On a brisk Fall Monday this past October 18th, I had an opportunity to join about fifty scholars in the centuries-old Oxford University student union library for an intimate conversation with legendary film composer, John Barry
Guided by a moderator under the watchful eyes of an Irish BBC documentary crew, Barry fielded a wide variety of questions — ranging from his thoughts on Shirley Bassey (“She convinced you of Goldfinger. It was a ridiculous song.”) to Robert Redford’s rejection of the original Horse Whisperer score — generated by a mostly male assembly. The handsome but brooding visage that stares back at us on vintage On Her Majesty’s Secret Service LP sleeves has since become more than a little wizened and grandfatherly today. His recollections sometimes meandering, Barry’s assessment of today’s movie-making process — soundtracks in particular — was nonetheless clear and brutal.
Here are some of the evening’s highlights:
Opening with a few general remarks, Barry was quick to observe that in the world of film, change is a constant. Therefore, “to sit and pontificate about what it’s all about is totally impossible,” he reminded the audience.
Despite his years of experience, the composer’s sense of wonder at the whole process was evident in his observation that the movie projector was “the most extraordinary piece of equipment.” By the same token, it governs everyone’s actions with one inescapable rule: Twenty-four frames per second. “That’s what this is all about.” From his standpoint, it was otherwise a game without laws. “I feel like a psychologist,” he noted, “analyzing the producer … the director. It’s all a game, really.”
But it was Barry’s harsh criticism of today’s score scene that “ruled” this evening. Despite his own occasional flirtation with synthesizers for scores such as … Majesty’s … and The Black Hole, the composer was particularly opposed to the trend in digital composition and manipulation, going so far as to cite the recent announcement of digirati Hans Zimmer as director of music for the film division of DreamWorks as, “the kiss of death.”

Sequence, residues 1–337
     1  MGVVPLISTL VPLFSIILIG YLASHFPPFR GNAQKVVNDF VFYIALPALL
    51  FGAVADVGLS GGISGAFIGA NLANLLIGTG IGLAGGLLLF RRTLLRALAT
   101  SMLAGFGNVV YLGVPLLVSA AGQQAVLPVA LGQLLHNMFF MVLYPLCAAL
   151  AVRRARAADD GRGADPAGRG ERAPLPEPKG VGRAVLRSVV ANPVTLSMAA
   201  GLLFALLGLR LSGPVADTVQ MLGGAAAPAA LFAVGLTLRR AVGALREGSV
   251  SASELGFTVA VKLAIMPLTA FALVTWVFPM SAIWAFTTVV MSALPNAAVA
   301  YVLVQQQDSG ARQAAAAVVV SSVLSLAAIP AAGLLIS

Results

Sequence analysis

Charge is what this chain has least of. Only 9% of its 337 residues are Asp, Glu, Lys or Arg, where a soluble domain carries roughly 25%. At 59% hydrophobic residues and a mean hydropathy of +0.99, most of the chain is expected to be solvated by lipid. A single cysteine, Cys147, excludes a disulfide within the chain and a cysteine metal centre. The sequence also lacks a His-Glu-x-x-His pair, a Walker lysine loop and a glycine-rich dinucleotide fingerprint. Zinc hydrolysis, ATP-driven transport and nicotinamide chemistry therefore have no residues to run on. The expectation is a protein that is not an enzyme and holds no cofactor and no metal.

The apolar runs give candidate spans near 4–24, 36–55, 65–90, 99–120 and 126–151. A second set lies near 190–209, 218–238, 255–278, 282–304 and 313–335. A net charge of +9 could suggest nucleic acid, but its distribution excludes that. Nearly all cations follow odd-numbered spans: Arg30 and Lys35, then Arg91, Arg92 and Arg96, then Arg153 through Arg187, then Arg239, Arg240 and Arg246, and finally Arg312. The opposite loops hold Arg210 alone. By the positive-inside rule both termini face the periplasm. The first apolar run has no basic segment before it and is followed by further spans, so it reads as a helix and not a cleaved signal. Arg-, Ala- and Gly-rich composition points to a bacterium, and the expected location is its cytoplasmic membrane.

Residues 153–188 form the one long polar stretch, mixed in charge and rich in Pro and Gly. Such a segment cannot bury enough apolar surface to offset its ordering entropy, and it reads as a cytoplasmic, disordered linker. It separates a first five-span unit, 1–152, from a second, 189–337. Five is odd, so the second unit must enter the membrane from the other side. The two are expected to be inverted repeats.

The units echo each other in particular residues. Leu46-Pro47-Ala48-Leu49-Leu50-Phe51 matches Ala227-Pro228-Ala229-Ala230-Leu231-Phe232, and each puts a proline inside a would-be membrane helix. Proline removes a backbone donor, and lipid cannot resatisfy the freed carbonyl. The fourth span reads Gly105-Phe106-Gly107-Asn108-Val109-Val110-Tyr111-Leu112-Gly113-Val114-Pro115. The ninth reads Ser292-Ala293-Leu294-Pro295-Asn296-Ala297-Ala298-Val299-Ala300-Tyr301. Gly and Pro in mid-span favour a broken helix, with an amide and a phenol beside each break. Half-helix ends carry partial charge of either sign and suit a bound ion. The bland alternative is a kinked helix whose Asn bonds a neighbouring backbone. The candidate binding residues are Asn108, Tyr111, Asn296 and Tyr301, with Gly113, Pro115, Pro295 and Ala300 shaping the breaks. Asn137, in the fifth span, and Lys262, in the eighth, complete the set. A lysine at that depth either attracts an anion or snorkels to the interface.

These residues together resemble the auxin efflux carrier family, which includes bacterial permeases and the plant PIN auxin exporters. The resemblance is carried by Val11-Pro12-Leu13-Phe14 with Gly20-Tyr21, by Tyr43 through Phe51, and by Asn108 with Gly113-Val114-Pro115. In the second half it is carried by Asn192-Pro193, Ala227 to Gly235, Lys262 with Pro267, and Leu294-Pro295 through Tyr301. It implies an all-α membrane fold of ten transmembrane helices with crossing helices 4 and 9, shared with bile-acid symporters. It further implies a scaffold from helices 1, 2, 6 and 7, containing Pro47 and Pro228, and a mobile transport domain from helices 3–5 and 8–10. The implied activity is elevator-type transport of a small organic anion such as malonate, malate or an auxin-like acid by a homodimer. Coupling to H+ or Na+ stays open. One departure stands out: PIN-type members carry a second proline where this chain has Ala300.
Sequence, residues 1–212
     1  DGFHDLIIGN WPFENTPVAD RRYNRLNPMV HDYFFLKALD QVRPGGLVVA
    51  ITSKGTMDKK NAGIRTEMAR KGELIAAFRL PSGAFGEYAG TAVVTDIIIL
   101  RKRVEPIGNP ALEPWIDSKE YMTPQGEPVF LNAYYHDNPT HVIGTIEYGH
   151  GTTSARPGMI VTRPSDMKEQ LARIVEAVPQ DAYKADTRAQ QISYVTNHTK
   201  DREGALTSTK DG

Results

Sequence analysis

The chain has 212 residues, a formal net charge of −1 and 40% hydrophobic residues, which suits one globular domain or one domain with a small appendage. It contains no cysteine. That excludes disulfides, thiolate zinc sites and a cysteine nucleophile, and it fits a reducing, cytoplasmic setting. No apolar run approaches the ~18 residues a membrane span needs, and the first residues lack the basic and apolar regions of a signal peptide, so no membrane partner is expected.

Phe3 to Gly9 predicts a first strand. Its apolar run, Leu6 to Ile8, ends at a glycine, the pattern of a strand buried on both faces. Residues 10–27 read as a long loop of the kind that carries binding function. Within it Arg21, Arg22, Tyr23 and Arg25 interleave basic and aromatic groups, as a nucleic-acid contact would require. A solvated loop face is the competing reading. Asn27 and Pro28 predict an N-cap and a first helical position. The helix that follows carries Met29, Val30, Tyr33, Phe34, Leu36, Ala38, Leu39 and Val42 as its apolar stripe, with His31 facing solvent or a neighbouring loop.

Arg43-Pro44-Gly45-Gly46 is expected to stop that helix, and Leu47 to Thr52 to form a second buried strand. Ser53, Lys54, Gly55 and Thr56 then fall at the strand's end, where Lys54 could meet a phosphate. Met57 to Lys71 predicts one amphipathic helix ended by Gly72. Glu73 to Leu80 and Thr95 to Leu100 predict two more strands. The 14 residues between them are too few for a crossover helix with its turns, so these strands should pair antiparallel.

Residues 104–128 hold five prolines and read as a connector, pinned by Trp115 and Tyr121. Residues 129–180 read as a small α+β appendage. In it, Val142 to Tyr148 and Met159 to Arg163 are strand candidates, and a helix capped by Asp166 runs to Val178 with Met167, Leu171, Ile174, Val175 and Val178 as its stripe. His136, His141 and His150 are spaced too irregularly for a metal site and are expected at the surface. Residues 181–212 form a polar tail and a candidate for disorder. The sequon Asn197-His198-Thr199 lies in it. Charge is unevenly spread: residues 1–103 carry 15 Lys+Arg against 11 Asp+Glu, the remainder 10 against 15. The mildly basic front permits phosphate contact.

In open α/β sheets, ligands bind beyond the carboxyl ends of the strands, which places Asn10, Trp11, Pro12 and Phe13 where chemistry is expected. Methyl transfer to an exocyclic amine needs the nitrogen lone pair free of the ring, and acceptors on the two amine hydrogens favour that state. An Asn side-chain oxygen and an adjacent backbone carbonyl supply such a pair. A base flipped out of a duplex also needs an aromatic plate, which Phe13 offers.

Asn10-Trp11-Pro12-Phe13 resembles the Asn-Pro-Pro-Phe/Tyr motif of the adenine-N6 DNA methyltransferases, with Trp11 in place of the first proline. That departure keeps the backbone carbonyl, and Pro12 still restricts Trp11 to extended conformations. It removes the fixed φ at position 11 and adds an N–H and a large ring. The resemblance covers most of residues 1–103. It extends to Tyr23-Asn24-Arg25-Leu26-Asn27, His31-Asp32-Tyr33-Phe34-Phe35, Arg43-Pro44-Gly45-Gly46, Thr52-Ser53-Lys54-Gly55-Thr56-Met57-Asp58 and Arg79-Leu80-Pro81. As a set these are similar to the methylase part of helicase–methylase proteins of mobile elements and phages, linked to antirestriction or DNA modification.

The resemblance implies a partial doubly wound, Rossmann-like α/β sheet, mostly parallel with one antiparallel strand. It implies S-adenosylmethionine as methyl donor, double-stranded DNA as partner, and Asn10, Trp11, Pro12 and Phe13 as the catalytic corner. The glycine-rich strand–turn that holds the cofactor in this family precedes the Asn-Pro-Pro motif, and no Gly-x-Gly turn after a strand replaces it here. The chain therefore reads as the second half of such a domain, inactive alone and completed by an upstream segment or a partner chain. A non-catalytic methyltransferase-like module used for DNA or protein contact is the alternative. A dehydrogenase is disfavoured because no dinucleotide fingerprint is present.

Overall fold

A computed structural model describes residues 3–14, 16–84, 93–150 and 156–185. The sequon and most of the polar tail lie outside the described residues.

Mr.Barry remarked that Hollywood’s current regime was overly-fascinated by — and completely reliant on — computer-generated sound. Although some might argue that this has broadened the range of available effects and compositions, Barry counters that the sheer expense of both the technology and the technicians, as well as the abandonment of less costly but nonetheless proven methods, robs movies of quality while adding a “weight” that overwhelms the images. He further lamented MTV’s other sad influence on film: “Cutting every second. Nobody gives anybody a chance, there’s no time to absorb anything.”
The Academy Award-winner was especially saddened by the use of pop songs in place of true scores. Lucrative though it is for the record companies, Barry sees no connection between this approach and film-making. “Now is not a very good time [for traditional film composers],” he stated.
Raised on a steady diet of epic films — his earliest childhood memory is of a visit to the Rialto theatre in New York City; “It was SO big!,” he recalls — with epic scores by the likes of Korngold and Steiner, John Barry himself rose to prominence in the 1960s under much different circumstances. Largely due to the advent of television, gone were the days of in-studio orchestras lead by on-staff conductor/composers.
With the rapid succession of such diverse films as Born Free, The Lion in Winter, Midnight Cowboy, and the James Bond series, does he have a favorite? Noting that the time and energy required to produce a score most often left him unable to appreciate the final result, Barry did offer that sometimes, years later, he’ll catch a telecast of one of the films he’s scored and think to himself, “Oh, that’s not bad.”
To what does he owe his good fortune? Backing from U.S. studios despite never actually working in America for one (although he’s quick to profess his appreciation of Americans; “[They] don’t mess around. Saves a lot of time.”). More simply, though, he considers himself to have been the right person, in the right place (i.e., London), at the right time.
As the evening wound to a close, a petite exchange student posed the session’s most genteel question: “What’s more important, the music of feelings or the feeling of music?”
“I can’t separate them,” Barry stated. He went on to explain that the challenge to the composer is to examine the feelings while simultaneously seeking to express those emotions musically in a way that’s unique (that is, unlike the score of a similar scene in a previous film), yet still appropriate to the film overall.
Currently at work on the big-screen version of Thomas the Tank Engine — which will definitely delay both his next non-film album as well as an already problematic concert schedule — Barry seems content with his lot. “Sometimes I think I should be writing the next Messiah,” he acknowledged, “but I’m happy doing what I’m doing.”
The BBC documentary on John Barry is scheduled to air in the UK early next year.
For a comprehensive look at John Barry, visit The John Barry Resource.